Can Chloroform Be Used as an Anesthesia?

Chloroform is a sweet-smelling, colorless organic compound with the chemical formula CHCl3 and IUPAC name Trichloromethane. This dense liquid has C3 symmetry and tetrahedral molecular geometry.  Chloroform is nonflammable and has a slightly sweet taste. It is a highly volatile liquid, and for this reason, chloroform has been widely used for its anesthetic properties throughout history.

When ingested or inhaled, chloroform is a powerful euphoriant, sedative, anesthetic, and anxiolytic. Consumption of chloroform in small doses can knock or daze people unconscious. 

Occurrence of Chloroform 

You can find the low levels of chloroform in the air and inland rivers, groundwater, coastal water, and lakes. But most of the chloroform is human-made that you come across in the environment. The chloroform levels can be higher in the air (containing chlorine) above the swimming pool and industrial areas.

Uses of Chloroform 

Chloroform is majorly used in the manufacturing of Freon refrigerant R-22. Although the use of this refrigerant has been phased out in the developed countries due to global warming, developing countries are still using it. The other usages of chloroform are: as a solvent for floor polishes, adhesives, fats, rubber, lacquers, resins, alkaloids, and oils. 

Chloroform was used as an anesthetic until the mid-1900s to reduce the pain during medical procedures. However, due to its harmful effect, it is not used as anesthesia anymore.

Use of Chloroform as an Anesthesia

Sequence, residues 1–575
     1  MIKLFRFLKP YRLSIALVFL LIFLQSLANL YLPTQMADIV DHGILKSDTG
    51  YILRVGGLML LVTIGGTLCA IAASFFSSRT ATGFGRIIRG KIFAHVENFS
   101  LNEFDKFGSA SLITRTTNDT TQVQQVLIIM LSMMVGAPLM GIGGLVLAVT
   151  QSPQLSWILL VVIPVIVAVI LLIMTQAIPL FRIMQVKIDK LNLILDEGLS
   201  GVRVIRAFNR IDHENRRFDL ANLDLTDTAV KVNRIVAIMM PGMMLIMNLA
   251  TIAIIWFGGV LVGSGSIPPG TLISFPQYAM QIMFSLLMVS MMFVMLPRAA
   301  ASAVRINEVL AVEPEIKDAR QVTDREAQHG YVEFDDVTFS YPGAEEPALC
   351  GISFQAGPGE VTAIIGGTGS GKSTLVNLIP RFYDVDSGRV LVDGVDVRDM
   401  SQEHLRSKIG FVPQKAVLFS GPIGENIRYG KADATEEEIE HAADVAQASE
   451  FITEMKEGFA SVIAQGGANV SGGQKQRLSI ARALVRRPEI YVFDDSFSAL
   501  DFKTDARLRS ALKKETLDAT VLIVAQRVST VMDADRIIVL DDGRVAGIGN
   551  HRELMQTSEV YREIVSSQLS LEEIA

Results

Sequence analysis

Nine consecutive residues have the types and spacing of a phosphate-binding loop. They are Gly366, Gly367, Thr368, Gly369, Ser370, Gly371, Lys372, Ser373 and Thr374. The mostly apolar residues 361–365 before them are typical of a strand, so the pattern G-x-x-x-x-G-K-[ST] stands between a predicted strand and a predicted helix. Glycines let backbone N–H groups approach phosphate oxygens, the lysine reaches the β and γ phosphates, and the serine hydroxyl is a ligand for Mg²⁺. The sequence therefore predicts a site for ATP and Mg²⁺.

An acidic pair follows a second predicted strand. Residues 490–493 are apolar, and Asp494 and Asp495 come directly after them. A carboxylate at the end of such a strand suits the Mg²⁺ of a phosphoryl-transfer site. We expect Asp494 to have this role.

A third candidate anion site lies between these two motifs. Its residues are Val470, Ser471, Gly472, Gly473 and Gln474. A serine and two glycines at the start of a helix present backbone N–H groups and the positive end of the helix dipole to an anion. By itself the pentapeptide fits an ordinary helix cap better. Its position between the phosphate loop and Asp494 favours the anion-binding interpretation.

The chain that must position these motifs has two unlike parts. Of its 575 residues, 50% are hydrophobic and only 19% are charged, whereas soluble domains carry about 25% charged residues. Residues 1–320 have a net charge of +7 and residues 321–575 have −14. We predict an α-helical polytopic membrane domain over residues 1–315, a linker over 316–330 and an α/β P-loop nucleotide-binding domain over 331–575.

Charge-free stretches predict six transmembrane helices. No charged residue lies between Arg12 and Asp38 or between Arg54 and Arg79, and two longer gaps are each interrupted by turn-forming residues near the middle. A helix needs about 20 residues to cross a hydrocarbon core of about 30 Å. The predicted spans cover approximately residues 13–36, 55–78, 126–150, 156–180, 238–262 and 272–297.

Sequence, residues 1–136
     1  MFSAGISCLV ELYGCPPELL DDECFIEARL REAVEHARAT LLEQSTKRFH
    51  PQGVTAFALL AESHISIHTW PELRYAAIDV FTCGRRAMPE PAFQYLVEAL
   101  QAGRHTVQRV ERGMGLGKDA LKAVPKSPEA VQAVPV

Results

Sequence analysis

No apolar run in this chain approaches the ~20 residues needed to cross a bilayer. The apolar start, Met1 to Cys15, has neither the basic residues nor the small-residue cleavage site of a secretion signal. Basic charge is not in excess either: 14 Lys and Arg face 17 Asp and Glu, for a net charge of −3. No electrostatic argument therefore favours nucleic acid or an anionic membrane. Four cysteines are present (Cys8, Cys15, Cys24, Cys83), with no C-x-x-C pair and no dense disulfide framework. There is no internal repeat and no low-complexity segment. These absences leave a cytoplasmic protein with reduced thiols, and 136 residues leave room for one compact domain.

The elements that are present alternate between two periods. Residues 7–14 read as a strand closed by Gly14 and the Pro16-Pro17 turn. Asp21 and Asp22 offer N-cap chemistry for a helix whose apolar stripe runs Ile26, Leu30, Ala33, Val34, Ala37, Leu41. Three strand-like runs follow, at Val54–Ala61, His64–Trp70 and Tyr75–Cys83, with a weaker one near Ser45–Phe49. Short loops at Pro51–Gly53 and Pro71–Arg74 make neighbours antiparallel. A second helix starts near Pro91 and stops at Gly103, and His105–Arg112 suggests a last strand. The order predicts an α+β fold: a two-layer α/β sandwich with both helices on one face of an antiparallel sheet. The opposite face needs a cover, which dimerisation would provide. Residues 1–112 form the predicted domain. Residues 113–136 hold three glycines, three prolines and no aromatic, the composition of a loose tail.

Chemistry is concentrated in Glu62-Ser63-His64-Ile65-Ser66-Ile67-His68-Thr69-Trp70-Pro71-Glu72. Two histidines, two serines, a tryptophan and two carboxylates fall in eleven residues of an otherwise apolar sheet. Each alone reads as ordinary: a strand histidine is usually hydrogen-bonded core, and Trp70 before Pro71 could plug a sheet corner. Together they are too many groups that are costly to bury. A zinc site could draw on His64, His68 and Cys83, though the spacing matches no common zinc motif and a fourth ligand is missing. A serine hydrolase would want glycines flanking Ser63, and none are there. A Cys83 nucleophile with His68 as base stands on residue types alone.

In 1847, James Young Simpson, an obstetrician, used chloroform for the first time as an anesthetic. As a means of entertainment, he used it on two humans. Soon after that, Edinburgh was successfully using chloroform in dental procedures with no noticeable harmful consequences. 

Within no time, the popularity of chloroform as an anesthetic reached such an extent that in the 1850s, it was even used during the birth of Queen Victoria’s last two children by the physician John Snow. At the beginning of the 20th century, ether started to replace chloroform as an anesthetic. But the golden age of chloroform was brief. 

Due to its toxicity, chloroform was gradually replaced by a much safer compound ether because it has practically no side effects. Moreover, some people even used chloroform to attempt suicide. 

Effects of Chloroform 

Higher doses of chloroform increase the side effects. In small quantities, it can make you feel disoriented and lethargic. Exposure to chloroform is very hazardous as it can harm the brain, bone marrow, kidneys, and heart. Moreover, chloroform can cause hepatitis as it damages the liver, respiratory injuries, including pulmonary edema, pneumonitis, and respiratory depression. 

High doses of chloroform can be fatal as it is toxic to the central nervous system and can cause unconsciousness. And ultimately, you no longer be able to feel sensation or pain.

Furthermore, in severe dosage, chloroform can cause paralysis of the chest muscle, complete muscle relaxation, and strained breathing. As per the Wisconsin Department of Health Services, shorty or immediately after exposure to a level of 100,000 ppb (100 ppm) of chloroform in the air can make an individual feel dizzy and tired.

How Long Does Chloroform Take To Make You Unconscious? 

You require the appropriate dose of chloroform soaked in a rag to knock you unconscious. And unlike movies, it takes longer; taking a whiff would not drop you unconscious immediately. It would take at least five minutes with a perfectly measured dose to render someone unconscious.


Chloroform was a well-known anesthetic in the past. However, due to its harmful consequences, it is no longer used as anesthesia. Various available alternatives with fewer side effects, i.e., ether, took the place of chloroform.